The most common type of composting worm is the Red Wiggler Worm. As they feed, they digest great quantities of organic matter and release a residue called a worm casting that is very rich in nitrogen, phosphorous, potassium, and micronutrients. They can be stored in the refrigerator in a cloth bag (not in a plastic bag or container.) Do not freeze the little guys. Lightly water the area before you release them and scatter them around the area. Release them early in the morning or after sunset. Do not release in direct sunlight.

Spider mite larvae, nymphs and adults feed on the underside of the leaves and cause yellow spots,later even yellow leaves. Plant cells turn yellow, which can be seen on the upper surface of the leaf as small yellow spots. This reduces the photosynthetic area of the leaf and the plant gets out of the physiological balance. This results in decreased plant growth and production. Finally the crop may die from the infestation. Nymphs and adults produce webbing that can cause cosmetic damage to the crop. If large numbers of spider mites are present, plants may be completely covered with webs.

Release rates:

  • For tomatoes and cucumbers, 1 predator per plant plus 1-2 per infested leaf.
  • For other greenhouse crops, tropical plants, and outdoor gardens, 2,000 per 3,000 sq. ft. – For bedding plants, 1,000 per 10,000 sq. ft.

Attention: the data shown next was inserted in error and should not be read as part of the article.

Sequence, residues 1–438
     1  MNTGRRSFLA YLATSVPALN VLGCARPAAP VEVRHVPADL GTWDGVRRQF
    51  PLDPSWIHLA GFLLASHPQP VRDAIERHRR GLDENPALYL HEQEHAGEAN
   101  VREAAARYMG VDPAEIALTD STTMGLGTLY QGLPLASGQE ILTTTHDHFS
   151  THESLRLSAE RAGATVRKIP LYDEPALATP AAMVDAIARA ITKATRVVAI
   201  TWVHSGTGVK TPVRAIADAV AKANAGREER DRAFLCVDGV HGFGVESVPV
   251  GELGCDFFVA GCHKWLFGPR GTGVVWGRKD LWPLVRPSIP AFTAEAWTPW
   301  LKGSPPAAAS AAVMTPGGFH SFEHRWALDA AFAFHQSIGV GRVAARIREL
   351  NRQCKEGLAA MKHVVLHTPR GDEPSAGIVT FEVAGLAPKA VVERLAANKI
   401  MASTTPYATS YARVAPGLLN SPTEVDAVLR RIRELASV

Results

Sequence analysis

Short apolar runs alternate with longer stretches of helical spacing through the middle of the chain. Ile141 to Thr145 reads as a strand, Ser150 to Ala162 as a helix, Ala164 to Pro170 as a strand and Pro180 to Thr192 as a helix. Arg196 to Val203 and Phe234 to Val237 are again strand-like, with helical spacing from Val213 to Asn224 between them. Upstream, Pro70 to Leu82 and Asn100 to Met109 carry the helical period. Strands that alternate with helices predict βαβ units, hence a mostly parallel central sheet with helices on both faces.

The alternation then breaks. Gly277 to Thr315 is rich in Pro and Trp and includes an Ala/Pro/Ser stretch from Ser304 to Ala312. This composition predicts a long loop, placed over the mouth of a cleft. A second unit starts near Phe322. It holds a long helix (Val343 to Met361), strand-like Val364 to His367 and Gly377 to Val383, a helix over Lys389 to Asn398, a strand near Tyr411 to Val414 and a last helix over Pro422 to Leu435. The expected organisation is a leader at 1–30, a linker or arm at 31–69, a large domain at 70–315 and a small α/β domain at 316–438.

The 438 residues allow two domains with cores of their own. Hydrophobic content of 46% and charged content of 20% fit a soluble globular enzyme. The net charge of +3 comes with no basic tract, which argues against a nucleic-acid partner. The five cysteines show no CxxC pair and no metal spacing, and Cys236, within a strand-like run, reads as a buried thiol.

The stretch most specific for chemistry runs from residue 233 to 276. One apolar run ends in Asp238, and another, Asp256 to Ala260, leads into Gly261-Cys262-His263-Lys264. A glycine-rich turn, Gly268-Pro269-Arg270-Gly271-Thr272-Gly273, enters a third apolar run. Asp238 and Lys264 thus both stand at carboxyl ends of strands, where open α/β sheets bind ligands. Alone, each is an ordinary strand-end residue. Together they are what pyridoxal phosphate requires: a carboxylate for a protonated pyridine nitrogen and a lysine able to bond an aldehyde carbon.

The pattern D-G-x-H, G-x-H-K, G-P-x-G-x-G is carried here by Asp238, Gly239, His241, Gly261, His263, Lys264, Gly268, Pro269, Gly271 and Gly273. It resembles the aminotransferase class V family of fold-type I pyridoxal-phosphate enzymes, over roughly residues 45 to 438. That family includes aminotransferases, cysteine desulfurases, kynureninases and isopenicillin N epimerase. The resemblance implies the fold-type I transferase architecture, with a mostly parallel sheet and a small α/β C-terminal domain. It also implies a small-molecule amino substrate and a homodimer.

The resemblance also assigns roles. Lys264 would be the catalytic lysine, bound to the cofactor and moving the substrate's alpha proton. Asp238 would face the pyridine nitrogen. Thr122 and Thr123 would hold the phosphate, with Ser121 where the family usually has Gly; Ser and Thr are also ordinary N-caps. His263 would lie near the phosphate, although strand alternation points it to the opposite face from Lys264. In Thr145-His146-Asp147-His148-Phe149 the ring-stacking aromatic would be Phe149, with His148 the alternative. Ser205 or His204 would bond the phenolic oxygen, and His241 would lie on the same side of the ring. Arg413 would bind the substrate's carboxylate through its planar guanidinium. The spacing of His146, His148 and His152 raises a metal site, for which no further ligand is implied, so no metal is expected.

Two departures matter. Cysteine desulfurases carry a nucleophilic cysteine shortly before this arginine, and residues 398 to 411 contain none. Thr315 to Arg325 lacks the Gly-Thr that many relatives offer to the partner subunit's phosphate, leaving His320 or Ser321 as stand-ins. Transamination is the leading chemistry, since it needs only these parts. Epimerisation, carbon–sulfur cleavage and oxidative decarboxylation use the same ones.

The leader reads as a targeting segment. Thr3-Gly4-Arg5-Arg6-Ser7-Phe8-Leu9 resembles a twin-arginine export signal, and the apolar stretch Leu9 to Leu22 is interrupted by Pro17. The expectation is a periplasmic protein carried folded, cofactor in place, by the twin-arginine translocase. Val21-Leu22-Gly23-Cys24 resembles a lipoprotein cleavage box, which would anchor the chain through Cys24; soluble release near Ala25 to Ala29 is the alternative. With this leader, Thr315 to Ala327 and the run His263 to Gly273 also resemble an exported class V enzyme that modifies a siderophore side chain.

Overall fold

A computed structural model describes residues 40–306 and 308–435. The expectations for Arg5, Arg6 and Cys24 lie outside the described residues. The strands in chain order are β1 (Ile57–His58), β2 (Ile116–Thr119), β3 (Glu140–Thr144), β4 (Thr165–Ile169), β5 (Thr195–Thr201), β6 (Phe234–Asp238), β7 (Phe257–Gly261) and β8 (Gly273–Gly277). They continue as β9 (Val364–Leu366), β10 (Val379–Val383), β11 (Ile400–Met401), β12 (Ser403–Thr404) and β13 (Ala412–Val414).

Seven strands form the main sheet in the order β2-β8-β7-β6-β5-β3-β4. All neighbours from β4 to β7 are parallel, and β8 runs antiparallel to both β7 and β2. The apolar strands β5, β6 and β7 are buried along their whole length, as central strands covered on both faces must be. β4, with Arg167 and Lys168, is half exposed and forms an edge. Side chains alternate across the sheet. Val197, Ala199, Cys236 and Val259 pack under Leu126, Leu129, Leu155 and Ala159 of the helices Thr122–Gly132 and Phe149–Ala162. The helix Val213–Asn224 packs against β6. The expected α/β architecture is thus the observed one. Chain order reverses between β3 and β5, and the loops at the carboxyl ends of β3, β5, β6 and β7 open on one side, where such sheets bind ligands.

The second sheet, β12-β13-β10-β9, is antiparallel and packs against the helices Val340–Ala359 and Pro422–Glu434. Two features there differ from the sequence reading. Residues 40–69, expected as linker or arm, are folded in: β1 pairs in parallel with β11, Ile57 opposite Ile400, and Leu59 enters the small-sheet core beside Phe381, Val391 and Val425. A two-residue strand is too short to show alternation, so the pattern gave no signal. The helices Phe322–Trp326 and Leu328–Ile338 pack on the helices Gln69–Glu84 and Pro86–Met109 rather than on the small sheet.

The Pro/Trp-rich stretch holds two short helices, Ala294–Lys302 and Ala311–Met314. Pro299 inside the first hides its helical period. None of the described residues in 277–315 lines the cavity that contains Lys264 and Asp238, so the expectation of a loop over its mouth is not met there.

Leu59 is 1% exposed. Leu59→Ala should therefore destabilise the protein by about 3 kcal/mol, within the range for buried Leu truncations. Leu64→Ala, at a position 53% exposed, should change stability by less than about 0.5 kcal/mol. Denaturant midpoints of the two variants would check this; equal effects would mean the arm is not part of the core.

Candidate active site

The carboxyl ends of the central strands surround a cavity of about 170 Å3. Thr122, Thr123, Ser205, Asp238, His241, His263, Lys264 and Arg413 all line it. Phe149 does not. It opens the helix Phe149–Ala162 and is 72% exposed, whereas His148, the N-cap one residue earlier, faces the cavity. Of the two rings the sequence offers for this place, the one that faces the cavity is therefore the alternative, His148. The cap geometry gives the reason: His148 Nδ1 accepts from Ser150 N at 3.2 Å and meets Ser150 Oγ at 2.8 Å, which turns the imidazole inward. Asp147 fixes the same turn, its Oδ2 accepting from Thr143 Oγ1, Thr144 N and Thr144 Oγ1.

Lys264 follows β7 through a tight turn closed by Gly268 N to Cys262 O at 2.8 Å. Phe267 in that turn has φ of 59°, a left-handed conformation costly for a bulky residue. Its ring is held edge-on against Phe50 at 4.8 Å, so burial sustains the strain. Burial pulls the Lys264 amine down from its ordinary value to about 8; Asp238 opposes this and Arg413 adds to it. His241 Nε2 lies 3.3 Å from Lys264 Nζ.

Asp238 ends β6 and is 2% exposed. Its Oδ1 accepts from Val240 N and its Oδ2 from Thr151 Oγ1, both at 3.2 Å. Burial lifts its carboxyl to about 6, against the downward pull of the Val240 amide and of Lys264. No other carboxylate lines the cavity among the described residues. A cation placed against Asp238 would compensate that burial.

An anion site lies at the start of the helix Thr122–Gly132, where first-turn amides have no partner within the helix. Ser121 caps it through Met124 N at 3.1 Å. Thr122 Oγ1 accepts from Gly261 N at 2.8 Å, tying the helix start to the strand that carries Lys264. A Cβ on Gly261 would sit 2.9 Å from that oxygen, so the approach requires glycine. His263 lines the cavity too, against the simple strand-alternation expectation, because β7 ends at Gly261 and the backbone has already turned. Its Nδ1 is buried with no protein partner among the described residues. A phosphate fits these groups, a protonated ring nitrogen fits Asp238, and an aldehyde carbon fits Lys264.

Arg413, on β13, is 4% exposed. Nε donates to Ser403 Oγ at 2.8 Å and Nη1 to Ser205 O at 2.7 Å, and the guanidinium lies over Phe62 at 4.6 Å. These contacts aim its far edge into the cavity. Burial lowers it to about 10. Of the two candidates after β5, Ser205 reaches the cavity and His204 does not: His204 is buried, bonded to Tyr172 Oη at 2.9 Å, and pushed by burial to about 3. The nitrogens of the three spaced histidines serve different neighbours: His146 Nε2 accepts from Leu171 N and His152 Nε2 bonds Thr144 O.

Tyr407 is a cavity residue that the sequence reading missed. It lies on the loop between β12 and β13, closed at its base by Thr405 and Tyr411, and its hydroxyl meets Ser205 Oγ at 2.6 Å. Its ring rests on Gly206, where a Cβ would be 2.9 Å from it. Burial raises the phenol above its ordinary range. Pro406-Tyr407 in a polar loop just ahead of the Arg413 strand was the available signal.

• For large agri-business, 5,000 – 20,000 per acre depending on infestation.
Predatory mite, Galendromus occidentalis,

is a very versatile mite predator and tolerates high temperatures low and high humidity (40-85%) well, both indoors and out. Does best in warm weather (80° to 110° F). Tolerates low humidity of inland valleys. Does not do well in cool coastal areas. Goes into diapause (hibernation) in colder temperatures. Recommended for greenhouses only if plants are maintained as low as 40% relative humidity. It is native to California and has ben researched for spider mite control in almonds, grapes, and many other ornamentals and plants. This predator is well adapted for outdoor use and can perform in hot situations where humidity remains above 40%. Use G. occidentalis to control spider mites, two spotted mites, Russet mites, and others on gardens, greenhouses, and orchards of all types. Adults eat 1-3 pest adults or up to 6 pest eggs/day. Release rates indoors, 2-3/sq. ft. bi-weekly, 1-2 applications; outdoors, 5,000- 20,000/acre, bi-weekly, 1-2 applications.

Spider mite larvae, nymphs and adults feed on the underside of the leaves and cause yellow spots,later even yellow leaves. Plant cells turn yellow, which can be seen on the upper surface of the leaf as small yellow spots. This reduces the photosynthetic area of the leaf and the plant gets out of the physiological balance. This results in decreased plant growth and production. Finally the crop may die from the infestation. Nymphs and adults produce webbing that can cause cosmetic damage to the crop. If large numbers of spider mites are present, plants may be completely covered with webs.

Information from Buglogical.